The Long Lens blog: Photography with added snaps, art and culture

The photography site for sore eyes. Featuring: Art, photography, performance and theatre. With extra writing because I'm also a writer.

Beggars belief


I visited India for ten days. I went to a lovely wedding, explored Ludhiana, walked round the Golden Temple at Amritsar and visited Chandigarh. To top it all off I spent two nights in the fabulous Himalayan mountain town of Nainital.

It was quite and amazing experience. So why do I keep questioning if I should be enjoying myself in this exceptional multi-cultural country?

The answer is poverty. Deprivation is not exclusive to India but this country holds a sizeable chunk of the world’s homeless, hungry and humiliated.

India has a fast-growing economy built on industry, particularly manufacturing. But still it harbours huge misery and desperation.

You see it immediately from the train when you leave New Delhi Station heading north. Amongst the litter-strewn wage ground between the track and slums squat dozens of human beings in what acts as their open-air toilets. They shit on the ground.

The stench of the slums, even from 50 metres away in Agra is unbearable. So unbearable I didn’t dare go near.

And the beggars at every street junction and corner, who traipse up and down the trains (first-class excluded) or, like these two girls pictured (above), who relentlessly smile into carriages in the desperate hope of a few rupees.

I gave them a (large) packet of crisps and some biscuits. Does that justify taking the photograph?

Possibly not. But at least writing about it and showing this photo is better than ignoring it. Do I sound like Bono?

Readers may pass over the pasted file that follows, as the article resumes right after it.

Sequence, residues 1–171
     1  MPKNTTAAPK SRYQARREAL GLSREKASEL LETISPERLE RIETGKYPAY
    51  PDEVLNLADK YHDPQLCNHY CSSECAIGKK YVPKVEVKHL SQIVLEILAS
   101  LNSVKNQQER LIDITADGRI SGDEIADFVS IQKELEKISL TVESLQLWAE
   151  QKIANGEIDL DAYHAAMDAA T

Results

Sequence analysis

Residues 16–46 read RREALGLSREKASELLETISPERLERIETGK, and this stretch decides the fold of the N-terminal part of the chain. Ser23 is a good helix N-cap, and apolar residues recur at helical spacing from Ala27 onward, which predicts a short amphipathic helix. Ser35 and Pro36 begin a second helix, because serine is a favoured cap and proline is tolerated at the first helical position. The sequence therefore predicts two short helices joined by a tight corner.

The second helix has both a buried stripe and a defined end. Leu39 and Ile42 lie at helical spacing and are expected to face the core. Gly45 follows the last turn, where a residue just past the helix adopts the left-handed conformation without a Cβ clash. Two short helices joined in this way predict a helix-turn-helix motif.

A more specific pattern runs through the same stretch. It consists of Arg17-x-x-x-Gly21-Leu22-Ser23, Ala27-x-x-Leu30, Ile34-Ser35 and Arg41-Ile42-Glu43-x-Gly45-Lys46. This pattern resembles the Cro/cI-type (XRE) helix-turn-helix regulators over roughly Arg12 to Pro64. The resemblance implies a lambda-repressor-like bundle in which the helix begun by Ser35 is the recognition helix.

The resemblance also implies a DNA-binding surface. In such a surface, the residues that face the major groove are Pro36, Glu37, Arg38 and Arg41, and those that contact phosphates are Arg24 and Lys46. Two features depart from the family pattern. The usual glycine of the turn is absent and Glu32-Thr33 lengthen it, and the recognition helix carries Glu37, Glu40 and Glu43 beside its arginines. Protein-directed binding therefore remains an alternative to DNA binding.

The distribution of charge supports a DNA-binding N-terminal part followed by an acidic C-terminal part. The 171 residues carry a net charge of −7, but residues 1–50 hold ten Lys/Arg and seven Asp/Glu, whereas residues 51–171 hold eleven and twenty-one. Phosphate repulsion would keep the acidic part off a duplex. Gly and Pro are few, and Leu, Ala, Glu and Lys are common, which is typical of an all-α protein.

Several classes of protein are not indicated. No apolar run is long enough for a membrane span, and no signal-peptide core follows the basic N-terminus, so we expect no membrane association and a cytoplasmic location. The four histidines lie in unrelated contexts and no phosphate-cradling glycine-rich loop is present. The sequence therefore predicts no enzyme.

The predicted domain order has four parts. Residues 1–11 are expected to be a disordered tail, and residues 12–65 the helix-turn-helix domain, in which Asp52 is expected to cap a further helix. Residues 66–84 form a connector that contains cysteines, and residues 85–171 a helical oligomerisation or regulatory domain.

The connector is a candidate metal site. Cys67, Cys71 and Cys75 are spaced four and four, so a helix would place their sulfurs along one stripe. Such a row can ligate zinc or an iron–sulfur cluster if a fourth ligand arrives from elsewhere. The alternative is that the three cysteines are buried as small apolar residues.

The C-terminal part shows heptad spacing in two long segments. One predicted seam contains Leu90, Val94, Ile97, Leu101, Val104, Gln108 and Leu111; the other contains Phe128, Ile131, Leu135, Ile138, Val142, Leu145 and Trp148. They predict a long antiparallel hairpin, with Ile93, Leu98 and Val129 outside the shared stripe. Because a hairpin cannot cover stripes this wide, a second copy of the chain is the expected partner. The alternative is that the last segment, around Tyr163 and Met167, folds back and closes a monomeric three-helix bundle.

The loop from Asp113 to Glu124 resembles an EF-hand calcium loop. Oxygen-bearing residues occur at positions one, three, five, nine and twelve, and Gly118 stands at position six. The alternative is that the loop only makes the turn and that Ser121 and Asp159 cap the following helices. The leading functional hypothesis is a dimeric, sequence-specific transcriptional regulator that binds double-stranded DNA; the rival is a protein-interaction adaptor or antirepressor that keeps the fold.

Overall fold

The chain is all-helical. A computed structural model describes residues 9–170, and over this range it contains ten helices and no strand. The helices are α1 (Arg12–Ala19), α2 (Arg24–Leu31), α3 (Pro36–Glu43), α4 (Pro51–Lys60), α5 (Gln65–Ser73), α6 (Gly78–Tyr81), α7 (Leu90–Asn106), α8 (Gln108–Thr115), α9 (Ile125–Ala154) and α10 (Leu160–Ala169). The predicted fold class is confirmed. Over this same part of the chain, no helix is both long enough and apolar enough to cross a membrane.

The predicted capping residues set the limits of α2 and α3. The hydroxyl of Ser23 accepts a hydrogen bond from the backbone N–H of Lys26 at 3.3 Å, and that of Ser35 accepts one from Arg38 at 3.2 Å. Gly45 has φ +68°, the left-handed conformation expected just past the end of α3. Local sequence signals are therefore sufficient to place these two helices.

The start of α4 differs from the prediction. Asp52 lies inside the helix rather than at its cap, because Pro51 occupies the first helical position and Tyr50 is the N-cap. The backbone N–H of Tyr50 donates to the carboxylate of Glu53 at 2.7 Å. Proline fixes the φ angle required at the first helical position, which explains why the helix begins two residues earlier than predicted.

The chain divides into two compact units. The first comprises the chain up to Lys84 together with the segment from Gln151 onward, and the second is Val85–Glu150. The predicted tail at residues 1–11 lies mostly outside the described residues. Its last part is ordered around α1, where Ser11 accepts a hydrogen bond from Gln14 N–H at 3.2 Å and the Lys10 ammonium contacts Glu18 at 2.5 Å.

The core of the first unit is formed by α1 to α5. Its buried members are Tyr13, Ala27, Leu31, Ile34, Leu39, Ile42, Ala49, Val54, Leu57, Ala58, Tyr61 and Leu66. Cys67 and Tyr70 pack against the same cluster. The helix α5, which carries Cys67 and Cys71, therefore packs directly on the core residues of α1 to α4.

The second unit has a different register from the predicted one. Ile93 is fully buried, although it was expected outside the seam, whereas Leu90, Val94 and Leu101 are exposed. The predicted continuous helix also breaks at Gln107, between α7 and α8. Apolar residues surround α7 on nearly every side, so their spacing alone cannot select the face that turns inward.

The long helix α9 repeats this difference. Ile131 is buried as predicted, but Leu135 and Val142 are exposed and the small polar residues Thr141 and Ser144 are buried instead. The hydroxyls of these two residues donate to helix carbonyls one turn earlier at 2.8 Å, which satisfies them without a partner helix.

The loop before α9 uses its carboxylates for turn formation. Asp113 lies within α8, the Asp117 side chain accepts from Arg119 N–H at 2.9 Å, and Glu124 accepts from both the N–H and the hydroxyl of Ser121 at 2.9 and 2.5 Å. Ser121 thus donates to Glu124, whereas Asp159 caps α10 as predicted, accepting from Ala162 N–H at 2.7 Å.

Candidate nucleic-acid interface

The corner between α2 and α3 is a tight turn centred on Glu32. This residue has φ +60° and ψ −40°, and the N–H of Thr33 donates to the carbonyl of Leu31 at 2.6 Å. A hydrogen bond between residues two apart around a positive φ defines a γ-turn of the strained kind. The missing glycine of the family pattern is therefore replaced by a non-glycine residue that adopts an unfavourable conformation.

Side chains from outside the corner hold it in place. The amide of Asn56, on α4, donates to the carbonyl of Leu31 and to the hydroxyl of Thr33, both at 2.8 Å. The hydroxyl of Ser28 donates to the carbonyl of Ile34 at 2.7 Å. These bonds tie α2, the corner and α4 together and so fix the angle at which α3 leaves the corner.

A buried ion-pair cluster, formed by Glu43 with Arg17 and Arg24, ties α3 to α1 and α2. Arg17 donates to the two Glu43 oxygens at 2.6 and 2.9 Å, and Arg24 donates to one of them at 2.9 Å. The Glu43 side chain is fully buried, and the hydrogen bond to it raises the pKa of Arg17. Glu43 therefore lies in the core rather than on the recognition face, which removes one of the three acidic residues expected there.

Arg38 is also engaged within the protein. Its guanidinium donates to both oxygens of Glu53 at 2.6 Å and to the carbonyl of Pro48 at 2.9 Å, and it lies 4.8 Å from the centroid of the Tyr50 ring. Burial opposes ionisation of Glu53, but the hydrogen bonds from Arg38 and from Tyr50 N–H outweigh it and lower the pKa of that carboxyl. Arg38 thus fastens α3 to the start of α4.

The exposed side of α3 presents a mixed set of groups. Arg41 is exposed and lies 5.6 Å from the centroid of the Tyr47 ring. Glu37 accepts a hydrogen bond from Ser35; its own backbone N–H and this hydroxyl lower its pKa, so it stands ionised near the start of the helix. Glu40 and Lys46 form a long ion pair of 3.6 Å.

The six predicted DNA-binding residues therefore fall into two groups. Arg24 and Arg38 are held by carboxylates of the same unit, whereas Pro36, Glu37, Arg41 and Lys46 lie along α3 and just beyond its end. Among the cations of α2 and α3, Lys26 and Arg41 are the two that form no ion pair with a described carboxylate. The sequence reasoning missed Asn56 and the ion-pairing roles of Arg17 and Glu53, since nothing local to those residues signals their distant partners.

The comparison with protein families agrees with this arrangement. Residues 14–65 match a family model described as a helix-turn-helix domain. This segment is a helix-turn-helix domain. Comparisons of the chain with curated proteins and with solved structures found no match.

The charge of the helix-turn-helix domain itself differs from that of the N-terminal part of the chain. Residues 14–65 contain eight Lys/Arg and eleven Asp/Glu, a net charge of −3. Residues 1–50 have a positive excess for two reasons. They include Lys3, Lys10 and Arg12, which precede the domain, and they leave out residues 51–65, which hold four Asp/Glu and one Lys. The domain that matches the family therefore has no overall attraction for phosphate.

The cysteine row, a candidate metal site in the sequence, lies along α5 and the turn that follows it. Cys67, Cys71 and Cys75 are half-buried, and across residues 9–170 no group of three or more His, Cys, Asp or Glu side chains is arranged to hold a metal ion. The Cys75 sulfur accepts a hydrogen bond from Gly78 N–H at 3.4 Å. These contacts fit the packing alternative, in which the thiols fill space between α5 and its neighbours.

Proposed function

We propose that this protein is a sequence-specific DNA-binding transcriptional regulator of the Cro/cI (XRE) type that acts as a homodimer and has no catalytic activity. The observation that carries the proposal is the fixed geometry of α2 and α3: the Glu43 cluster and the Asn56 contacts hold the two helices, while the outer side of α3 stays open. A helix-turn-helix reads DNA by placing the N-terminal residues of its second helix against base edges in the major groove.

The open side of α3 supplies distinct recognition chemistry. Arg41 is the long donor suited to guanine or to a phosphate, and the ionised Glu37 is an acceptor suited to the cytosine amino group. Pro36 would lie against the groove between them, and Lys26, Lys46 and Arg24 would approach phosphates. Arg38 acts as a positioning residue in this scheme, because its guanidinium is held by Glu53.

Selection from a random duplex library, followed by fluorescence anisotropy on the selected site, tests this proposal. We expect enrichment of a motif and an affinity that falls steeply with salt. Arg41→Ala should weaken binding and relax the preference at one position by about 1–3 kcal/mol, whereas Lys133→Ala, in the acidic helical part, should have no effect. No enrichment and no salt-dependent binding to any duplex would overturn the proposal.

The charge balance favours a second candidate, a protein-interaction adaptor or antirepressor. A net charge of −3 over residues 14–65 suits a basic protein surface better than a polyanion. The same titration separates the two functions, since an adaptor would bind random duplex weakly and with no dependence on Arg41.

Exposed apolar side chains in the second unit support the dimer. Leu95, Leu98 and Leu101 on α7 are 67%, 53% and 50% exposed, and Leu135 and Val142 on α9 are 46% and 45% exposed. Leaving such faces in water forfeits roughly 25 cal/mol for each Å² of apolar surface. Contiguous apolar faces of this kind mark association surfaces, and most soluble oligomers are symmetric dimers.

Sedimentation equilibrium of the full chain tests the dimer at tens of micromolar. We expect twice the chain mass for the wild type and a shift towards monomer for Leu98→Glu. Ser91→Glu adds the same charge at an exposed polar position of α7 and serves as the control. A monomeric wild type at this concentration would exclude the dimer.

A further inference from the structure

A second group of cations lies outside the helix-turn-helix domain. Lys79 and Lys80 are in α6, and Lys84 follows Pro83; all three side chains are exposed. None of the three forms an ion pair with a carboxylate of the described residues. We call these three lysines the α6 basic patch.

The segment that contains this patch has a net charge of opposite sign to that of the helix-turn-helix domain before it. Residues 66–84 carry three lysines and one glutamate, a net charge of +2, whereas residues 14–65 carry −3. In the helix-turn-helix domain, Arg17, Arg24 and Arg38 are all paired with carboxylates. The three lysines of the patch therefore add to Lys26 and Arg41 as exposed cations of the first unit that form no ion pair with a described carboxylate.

Advertisements

One comment on “Beggars belief

  1. David
    August 18, 2009

    I found myself thinking something similar when I was in Egypt – although probably on a much smaller scale to what you experienced. In Luxor, the tour guides were very full on when it came to moving on the kids who were begging for food and the t-shirts one of the tour companies provided. The desperation in the eyes was frightening and made me wonder whether being there as a tourist is effectively condoning a country which allows communities to live in such poverty so close to the trapping of a richer life.

Leave a Reply

Fill in your details below or click an icon to log in:

WordPress.com Logo

You are commenting using your WordPress.com account. Log Out / Change )

Twitter picture

You are commenting using your Twitter account. Log Out / Change )

Facebook photo

You are commenting using your Facebook account. Log Out / Change )

Google+ photo

You are commenting using your Google+ account. Log Out / Change )

Connecting to %s

Information

This entry was posted on May 18, 2009 by in beggars, india, poverty, slums, trains.
%d bloggers like this: